The Hadopi law (pdf) will enable a newly established administrative higher authority to receive ip addresses from content owners, and ask telecommunication companies to reveal the owners of that ip address, to whom they will send 2 warning e-mails, telling them that something illegal is being downloaded or uploaded from their network, and asking them to secure this network. It seems that this warning will not even mention the work that is thought to have been illegally transmitted. After the third postal warning the internet connection will be cut off. At that point the citizen whose connection will be cut off, will be placed on a black list, making it impossible for him to seek any other telephone connection. As it will be extremly difficult for him to defend himself, he will then have to accept putting a yet undefined piece of software on his network that will snoop everything he is doing. One motion required this software to also sniff the email communications [ I am not absolutely clear this went through though.]

So in short, private companies will be able to anonymously denounce French citizens, leading their internet connection to be cut off, and then forcing them to install snooping software on their network to prove their innocence! If this is not an extreem invasion of privacy I do not know what is.

To help citizens who want to stay legal find their way around the internet, the Hadopi institution will distribute special labels for clean content. Good citizens will be safe if they don't stray too far from officially approved sites. If this is not an attack on freedom of information I don't know what is!

Where is the resistance?

So over the past few weeks as my concern grew I tried discussing this with a number of people. My initial thought was that an issue such as this would not get through in a country that demonstrates on nearly every issue that comes up. What stunned me was the silence, or the lack of interest in these issues by most people. It is instructive in my view to look at various types of responses I got.

The law cannot be implemented view

A lot of people are convinced that this law cannot be implemented. It is too crazy to be workable. Let us hope and pray that it is! The previous DADVSI law wich had set punishments of €300 000 and 3 years in prison, was so extreemly overwhelmingly powerful, that it indeed was not useable.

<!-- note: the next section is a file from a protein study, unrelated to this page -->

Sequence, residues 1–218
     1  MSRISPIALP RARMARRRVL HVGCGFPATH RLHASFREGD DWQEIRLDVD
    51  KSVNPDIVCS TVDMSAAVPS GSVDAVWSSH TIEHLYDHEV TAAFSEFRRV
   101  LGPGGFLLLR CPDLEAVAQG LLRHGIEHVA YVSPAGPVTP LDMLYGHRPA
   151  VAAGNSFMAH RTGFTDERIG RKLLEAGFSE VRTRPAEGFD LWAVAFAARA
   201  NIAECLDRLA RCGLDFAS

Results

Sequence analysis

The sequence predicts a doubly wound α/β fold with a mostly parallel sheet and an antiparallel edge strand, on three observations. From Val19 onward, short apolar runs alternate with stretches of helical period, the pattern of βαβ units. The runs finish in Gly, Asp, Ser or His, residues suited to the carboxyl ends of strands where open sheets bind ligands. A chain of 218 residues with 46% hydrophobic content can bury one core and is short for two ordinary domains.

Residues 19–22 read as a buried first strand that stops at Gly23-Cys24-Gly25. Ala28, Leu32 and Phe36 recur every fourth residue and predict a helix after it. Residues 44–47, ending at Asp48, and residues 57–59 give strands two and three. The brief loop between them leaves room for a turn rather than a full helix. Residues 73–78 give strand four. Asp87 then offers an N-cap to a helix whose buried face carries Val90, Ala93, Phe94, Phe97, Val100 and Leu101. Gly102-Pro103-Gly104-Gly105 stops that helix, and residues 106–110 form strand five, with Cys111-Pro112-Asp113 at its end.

But that argument is very dangerous. The DADVSI may not yet have been used, but it may one day be. It is certainly what is spurring the current law, Hadopi, which comparatively seems innocuously kind. It only will ask you to install snooping software on your network. And since it is big brother the State asking this, and most people have no idea of what this implies, a lot of people may very well be frightened into accepting this. In any case it does not matter if it is not immediately applicable. It need only slowly with time work itself into people's lives. If enough people have this working, even if it is widely bypassed, then you can bet that in 10 years time, a movement will start where people who do have this installed will complain that some of their fellow citizens don't have it, and so push for harsher laws, perhaps going so far as to install this automatically on all networks.

We can bypass it

A lot of technically savvy people have convinced themselves they can bypass this easily.

So what if they do? The law need only frighten the majority into behaving a certain way. With time, and with the majority on their side, they can add other laws to make the undesirable behavior a lot more difficult. For example for those who think that anonymising software is going to be an easy way out, then they should look at the next law on the table: Llopsi which will give the State the power to block any IP address they need to. Now perhaps a good use case for Llopsi will be large anonymiser services.

Not fighting a law because one decides one will not follow it, is a very selfish and short term way of thinking. Sadly it seems to have grown in a large portion of the population that allowed itself to be tagged as Pirates. And for that selfishness we will all pay (yes, this is not just a French phenomenon, it seems to be a globally orchestrated movement - see for example blackout europe.)

It will be blocked by the constitution

It may be. But then it may not be. In any case it is extreemly worrying that a law should have to go so far as to require blocking by the constitution. Remember how Lawrence Lessig's attempt to get the Supreme court to change the provisions on copyright? It failed.

It will be blocked by the European Union

The EU is a Union of States, where the states have an overwhelming power. The EU does not have an army and cannot enforce much. France has the "cultural exception" it can use quite easily, and it may also be that similar problems are brewing in the rest of europe. Don't count on the EU. The parliament have done a great job there, but they don't have the final say, and they can be pressured. They have just watered down the telecom bill for example. The EU is not the USA.

The people will rise

This is unlikely given what I have seen. Many people don't yet really feel the power of the internet. They work with the internet via the expensive and limited cell phone networks, if at all. For them the Internet is cool, but not essential. Furthermore traditional media are still extremely powerful, and they can direct the message the way they wish. If they were not so powerful, laws such as this would not ever be able to go so far. I don't watch enough television to be able to tell if both sides of the debate here have been aired equally. My guess is not. [ Update: the major French television channel TF1 - the first french TV channel to be created, now privatised - was found to have sacked the head of their innovation center, for having sent privately a critical message on Hadopi to his Member of Parliament as reported by Libération. Thereby confirming the suspicion that other sides of this debate are not getting equal airing time]